Reviews for You're Finally Here!
Booklist Reviews 2011 April #2
Author-illustrator Watt has created many amusing books about books, including Chester's Masterpiece (2010, in which a pet cat takes over the storytelling) and Have I Got a Book for You! (2009, featuring a comical salesman). Here, starting with the title, a rabbit exuberantly greets the reader. But then, in a nice twist that many children will appreciate, he turns on his reader and sternly asks, "BUT WHERE WERE YOU?" He tries to convey how annoying it is to be kept waiting, and many readers will relate at the same time they're enjoying Watt's bright, bouncy, autumn-colored cartoon illustrations. Eventually, the rabbit agrees to stop berating the reader if he or she will sign a contract agreeing to stay with the bunny forever. Then he proceeds to have an extended phone conversation with his aunt Beatrice. The last page ("WAIT! . . . WAS IT SOMETHING I SAID?") is a witty reminder about the fickleness of attention spans. Copyright 2011 Booklist Reviews.
Horn Book Guide Reviews 2011 Fall
A wide-eyed, insistent rabbit begins the direct-address story on the book's cover, exclaiming to readers: "You're finally here!" The text continues in this vein, with Rabbit asking rhetorical questions ("Do you know how BORED I get when I'm waiting?"), creating a playful read-aloud experience. The digital-looking illustrations are appropriately done in understated carrot-y hues. Copyright 2011 Horn Book Guide Reviews.
Kirkus Reviews 2011 February #2
"You're finally here!" Bunny shouts; his excitement knows no bounds until he thinks to demand, "But where were you?" Testily, he lets readers know how long he's been waiting and how totally bored he got (the bore-o-meter reads, "Bored up to my ears!!!"). Concerned they might be getting off on the wrong foot, he moves back to celebration! Until he asks, "But seriously, where were you?" and he lectures readers on unfairness…and lets them know how annoying it is to have to wait…and just how rude they've been. He's willing to forgive and forget—if readers are willing to sign a contract stating they'll stay "forever and ever." Just as he starts to celebrate the signing of the contract, his cell phone rings. It's a call he has to take; "hold that thought.... No, no, I'm not busy at all...." Watt introduces another saucy critter to the fourth-wall–breaking menagerie that includes her own Chester the cat and Mo Willems' Pigeon and adds a pointed lecture on cell-phone etiquette to the book-about-a-book conceit. The computer-generated bunny is in-your-face, manga adorable, but as the page compositions largely consist of Bunny alternately glaring and grinning at readers against a wood-grained background and speech balloons, a certain tedium develops before the twist at the end. A good-but-not-great entry in the meta–picture-book genre. (Picture book. 3-6) Copyright Kirkus 2011 Kirkus/BPI Communications.All rights reserved.
Publishers Weekly Reviews 2011 January #2
The title is the accusation/declaration hurled by a mercurial bunny who's peeved that he's been made to wait for readers to show up. "Do you know how RUDE it is to make me wait?" demands the bunny of his audience, as Watt splits her page into four instructional frames. "As rude as talking with my mouth full... As rude as sticking gum under the sofa... As rude as running on carpet with muddy feet... As rude as making faces behind someone's back." (Perceptive readers will recognize that many of the bunny's similes feature common childhood transgressions.) But the bunny, vacillating between anger and apology, is hardly a paragon of polite behavior ("BUT SERIOUSLY, WHERE WERE YOU?" he screams, just one page after cheering readers with a cake, banner, pennant, and dance). And like the rest of the world, he can't resist taking a phone call ("Sure, I'm free to talk--they can wait"). Combining Watt's considerable gifts for metanarrative, social satire, outsize characters, and manic cartooning in one wonderfully silly tale, this is another keeper from a consistently funny talent. Ages 3-6. (Mar.) [Page ]. Copyright 2010 PWxyz LLC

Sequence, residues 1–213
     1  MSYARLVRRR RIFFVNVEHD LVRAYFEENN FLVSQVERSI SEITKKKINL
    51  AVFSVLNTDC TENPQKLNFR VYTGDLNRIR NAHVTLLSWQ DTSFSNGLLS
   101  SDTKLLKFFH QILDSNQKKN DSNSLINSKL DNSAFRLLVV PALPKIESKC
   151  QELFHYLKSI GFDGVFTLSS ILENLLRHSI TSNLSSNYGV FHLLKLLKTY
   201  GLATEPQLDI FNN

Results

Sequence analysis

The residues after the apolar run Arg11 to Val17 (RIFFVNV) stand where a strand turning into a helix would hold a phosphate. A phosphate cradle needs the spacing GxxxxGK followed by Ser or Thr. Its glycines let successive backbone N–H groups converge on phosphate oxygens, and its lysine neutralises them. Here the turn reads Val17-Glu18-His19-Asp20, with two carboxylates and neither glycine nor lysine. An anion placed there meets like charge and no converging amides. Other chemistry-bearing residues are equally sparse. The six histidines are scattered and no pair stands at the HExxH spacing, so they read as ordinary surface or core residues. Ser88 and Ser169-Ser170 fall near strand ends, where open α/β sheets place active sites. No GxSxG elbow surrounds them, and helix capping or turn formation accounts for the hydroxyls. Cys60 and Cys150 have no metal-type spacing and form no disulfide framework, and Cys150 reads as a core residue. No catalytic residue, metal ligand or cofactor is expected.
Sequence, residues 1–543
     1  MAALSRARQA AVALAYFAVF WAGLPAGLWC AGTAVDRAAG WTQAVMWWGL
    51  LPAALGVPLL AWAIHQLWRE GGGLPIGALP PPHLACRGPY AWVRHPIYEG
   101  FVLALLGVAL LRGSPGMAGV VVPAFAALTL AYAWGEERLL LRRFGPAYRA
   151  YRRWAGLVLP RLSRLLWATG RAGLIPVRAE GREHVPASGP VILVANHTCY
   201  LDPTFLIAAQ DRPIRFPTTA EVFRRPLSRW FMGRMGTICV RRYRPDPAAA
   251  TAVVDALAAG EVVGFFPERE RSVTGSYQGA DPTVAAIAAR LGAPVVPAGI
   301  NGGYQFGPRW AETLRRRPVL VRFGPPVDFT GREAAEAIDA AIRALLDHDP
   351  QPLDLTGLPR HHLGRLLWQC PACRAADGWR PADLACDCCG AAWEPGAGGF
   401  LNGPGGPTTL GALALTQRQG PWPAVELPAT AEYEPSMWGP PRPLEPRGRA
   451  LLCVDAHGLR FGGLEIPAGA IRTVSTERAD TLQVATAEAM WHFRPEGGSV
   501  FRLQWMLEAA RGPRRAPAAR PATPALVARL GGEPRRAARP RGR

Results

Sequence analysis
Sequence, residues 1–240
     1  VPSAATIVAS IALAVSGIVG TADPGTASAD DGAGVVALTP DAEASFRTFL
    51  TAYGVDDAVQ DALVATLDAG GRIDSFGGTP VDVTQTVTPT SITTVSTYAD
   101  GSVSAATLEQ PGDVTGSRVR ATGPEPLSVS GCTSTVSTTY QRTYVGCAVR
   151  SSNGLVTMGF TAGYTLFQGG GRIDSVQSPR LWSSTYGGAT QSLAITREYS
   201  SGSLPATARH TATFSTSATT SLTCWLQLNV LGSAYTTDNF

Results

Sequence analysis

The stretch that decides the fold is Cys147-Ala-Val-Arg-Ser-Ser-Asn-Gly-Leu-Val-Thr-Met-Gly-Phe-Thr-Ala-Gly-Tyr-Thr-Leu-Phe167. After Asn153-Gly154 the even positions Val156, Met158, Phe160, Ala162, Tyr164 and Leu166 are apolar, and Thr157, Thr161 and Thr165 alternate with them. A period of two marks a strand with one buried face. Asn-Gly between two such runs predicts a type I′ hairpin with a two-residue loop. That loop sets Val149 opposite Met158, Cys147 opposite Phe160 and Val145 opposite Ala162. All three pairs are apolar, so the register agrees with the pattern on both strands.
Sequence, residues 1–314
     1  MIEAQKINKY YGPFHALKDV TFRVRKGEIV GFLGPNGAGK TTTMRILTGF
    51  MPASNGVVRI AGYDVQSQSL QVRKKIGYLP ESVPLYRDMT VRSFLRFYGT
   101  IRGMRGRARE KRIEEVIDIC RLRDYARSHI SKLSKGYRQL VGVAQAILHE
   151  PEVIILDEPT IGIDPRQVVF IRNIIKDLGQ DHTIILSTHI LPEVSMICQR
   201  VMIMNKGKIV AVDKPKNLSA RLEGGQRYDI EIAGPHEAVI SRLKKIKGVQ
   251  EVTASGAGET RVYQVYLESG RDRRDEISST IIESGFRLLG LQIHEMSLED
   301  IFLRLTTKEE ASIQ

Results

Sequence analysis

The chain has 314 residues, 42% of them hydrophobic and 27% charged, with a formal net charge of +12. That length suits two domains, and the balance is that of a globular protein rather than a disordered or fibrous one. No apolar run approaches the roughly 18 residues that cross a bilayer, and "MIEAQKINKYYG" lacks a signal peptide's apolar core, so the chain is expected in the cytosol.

School Library Journal Reviews 2011 March
PreS-Gr 2--A demanding bunny is livid. He's been waiting impatiently for readers to open his book. "Do you know how long I've been waiting in here?" "Do you know how annoying it is to have to wait?" "Where were you all this time???" He does think that children have good qualities, though. He likes that they are flealess and good, steady page-turners. Their arrival is celebrated with cake, music, and cartwheels. There is even a contract ready for them to sign, promising they'll stay forever. Before they can sign it, though, the bunny is interrupted. His cell phone rings. As his conversation with Vern leads into another with Aunt Beatrice, he forgets about his guests. The contract, which he was just holding, is now on the floor. As readers turn to the last page, the bunny is puzzled by his friends' departure. He wonders where they're going. "Was it something I said? Seriously, is there a number where I can reach you?" Full-page cartoon art often faces four framed illustrations, giving the bunny's examples of how unfair and boring and rude it is to be kept waiting. Children will delight in being part of this amusing story and enjoy seeing the tables turned as the bunny exhibits rude and unacceptable behavior. The stylized figure has a large oval head and round eyes, and the endpapers are embellished with a carrot design.--Tanya Boudreau, Cold Lake Public Library, AB, Canada [Page 138]. (c) Copyright 2010. Library Journals LLC, a wholly owned subsidiary of Media Source, Inc. No redistribution permitted.